Young Wild Things Tour This work has been published in the Teen Ink monthly print magazine.

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This All Hallow’s Eve, the Young Wild Things tour presented itself at the Fillmore Theater for nearly five hours of rock-and-rolling ghastly fun.

Cute Is What We Aim For opened with five songs. Their enigmatic singer, Shaant Hackiyan, jerked and hobbled all over the stage. All members (save the ever-shy Hackiyan) were stripped down to their undies for the special occasion, prompting loud cries from the audience.

Following Cute were the Plain White T’s. Singer Tom Higgenson especially impressed with an acoustic version of their hit single, “Hey There Delilah.” Not one person in attendance failed to sing along, and the Fillmore Theater swelled with the sound of hundreds of voices. Guitarist Tim Lopez was especially reactive to the crowd (from our point of view) as he winked and wooed those closest to the stage.

The third act was Gym Class Heroes. Immediately before their performance, lead singer Travis McCoy’s cousin, Tiga, roused the crowd with a rendition of “Soulja Boy.” The group itself charged onstage dressed as samurai ninjas and with their mascot, Eugene Montross, waving a banner.

The audience screamed in delight as the first strains of Panic! At The Disco’s “I Write Sins Not Tragedies” filtered through the speakers. To our surprise, Patrick Stump, the normally mild-mannered Fall Out Boy frontman, charged onstage wearing a top hat and slathered in makeup. For Halloween, Fall Out Boy had transformed themselves into Panic! At The Disco!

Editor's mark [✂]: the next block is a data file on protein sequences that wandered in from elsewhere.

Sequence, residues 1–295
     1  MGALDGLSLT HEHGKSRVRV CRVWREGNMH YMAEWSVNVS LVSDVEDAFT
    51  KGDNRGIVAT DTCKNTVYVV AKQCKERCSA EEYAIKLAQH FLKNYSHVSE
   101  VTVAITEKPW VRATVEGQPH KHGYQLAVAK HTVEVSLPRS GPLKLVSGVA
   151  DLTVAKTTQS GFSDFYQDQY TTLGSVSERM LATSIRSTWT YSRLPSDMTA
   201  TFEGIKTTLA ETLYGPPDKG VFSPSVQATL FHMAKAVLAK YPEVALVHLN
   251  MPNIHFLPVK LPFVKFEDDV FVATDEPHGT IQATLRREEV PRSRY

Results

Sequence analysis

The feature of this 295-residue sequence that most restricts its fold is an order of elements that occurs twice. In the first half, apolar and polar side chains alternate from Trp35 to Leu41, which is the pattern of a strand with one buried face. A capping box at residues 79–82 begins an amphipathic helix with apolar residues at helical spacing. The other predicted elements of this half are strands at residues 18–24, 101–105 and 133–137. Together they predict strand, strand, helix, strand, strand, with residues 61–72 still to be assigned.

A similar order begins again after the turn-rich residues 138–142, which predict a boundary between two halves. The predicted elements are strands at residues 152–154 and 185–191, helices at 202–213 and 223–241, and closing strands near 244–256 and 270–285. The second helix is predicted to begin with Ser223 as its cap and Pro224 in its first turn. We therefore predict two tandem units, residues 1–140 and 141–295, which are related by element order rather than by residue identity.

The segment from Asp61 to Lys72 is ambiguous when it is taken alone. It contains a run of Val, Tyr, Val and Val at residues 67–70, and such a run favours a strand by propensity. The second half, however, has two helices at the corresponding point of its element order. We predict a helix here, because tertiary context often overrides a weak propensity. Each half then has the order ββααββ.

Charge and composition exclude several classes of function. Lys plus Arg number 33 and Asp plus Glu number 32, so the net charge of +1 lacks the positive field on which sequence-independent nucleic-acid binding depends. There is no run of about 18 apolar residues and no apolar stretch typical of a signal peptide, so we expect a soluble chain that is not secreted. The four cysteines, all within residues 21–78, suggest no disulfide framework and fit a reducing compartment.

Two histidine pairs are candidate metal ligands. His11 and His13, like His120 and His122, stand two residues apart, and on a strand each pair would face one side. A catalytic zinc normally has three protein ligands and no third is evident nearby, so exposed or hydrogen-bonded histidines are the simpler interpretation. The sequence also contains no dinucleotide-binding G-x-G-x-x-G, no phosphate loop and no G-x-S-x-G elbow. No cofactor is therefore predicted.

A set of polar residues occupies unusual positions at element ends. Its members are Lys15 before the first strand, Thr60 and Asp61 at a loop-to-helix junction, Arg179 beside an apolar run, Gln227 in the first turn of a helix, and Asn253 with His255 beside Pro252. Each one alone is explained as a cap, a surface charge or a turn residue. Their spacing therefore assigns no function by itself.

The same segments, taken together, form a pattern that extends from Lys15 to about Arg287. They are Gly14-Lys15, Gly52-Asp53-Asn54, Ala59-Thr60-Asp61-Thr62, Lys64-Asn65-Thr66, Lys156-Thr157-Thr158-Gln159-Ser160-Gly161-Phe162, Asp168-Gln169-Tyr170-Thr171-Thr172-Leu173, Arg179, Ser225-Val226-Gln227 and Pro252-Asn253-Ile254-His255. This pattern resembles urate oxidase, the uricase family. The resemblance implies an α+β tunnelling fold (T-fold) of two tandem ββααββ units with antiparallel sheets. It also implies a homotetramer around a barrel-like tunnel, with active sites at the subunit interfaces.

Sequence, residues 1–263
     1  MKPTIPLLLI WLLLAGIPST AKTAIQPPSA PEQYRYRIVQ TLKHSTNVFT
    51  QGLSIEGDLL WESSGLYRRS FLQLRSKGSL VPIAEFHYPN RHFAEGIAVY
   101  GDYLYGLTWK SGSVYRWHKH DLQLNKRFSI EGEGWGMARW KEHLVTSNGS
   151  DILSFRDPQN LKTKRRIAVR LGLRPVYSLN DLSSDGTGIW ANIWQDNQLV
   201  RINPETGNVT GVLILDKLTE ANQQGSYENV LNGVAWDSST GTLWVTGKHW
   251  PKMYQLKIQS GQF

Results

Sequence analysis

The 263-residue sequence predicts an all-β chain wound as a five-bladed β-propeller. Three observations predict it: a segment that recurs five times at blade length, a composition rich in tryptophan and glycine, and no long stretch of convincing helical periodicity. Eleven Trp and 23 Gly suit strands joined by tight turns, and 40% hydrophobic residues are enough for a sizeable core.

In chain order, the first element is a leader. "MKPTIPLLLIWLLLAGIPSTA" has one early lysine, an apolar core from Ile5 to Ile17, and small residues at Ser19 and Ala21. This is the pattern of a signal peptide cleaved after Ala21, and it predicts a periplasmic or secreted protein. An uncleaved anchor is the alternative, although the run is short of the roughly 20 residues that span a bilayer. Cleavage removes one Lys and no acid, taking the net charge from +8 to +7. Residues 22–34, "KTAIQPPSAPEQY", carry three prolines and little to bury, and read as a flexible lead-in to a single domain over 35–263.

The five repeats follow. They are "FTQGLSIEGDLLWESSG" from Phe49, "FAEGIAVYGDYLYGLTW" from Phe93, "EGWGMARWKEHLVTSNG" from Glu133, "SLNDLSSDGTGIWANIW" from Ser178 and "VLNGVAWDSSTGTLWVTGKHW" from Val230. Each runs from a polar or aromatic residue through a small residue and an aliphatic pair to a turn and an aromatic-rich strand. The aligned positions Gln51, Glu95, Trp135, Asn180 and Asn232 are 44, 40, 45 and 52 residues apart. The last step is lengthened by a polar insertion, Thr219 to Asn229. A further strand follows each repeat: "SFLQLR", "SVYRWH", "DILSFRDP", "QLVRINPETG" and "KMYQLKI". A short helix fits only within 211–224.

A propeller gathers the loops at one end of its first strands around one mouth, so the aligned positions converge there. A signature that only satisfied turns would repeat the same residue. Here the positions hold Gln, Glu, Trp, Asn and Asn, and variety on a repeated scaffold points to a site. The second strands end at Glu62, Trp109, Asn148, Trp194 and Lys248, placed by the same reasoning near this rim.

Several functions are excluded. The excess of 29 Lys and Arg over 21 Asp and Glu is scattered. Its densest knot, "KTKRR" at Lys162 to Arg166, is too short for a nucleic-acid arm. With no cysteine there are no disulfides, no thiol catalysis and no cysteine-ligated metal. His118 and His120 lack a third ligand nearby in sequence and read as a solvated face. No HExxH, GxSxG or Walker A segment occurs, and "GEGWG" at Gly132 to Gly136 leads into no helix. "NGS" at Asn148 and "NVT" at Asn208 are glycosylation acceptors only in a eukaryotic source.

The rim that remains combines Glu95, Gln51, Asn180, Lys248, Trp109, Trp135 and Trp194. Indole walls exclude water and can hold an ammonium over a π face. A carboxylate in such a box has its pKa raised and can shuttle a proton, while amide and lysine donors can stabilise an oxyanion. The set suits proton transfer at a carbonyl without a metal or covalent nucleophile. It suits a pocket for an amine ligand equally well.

The band finished with a relish and immediately soared into their own hits, accompanied by massive spurts of energy from Stump and Joe Trohman. Pete Wentz, who is usually their most energetic performer, had injured his foot recently jumping from an amp. Wentz still managed to rile up the crowd with his between-song chats and a costume change into a red Teletubby outfit. As he gleefully showed off his “rocker” cast that allowed him to move around with minimal pain, girls swooned over his magnetic stage presence (or possibly it was drummer Andy Hurley removing his shirt halfway through the set). Stump performed an acoustic solo version of “Golden,” a soft, slow melody that drew collective applause.

Fall Out Boy ended their set with tremendous cannons that fired confetti into the air, accompanying their traditional closer, “Saturday.” The artists threw their drumsticks and picks into the roaring crowd before disappearing backstage.

As the doors opened to let out the concertgoers, witches, fake twins, and blood-covered vampires all came to the same conclusion: what a rocking Halloween they’d just had!

This work has been published in the Teen Ink monthly print magazine. This piece has been published in Teen Ink’s monthly print magazine.






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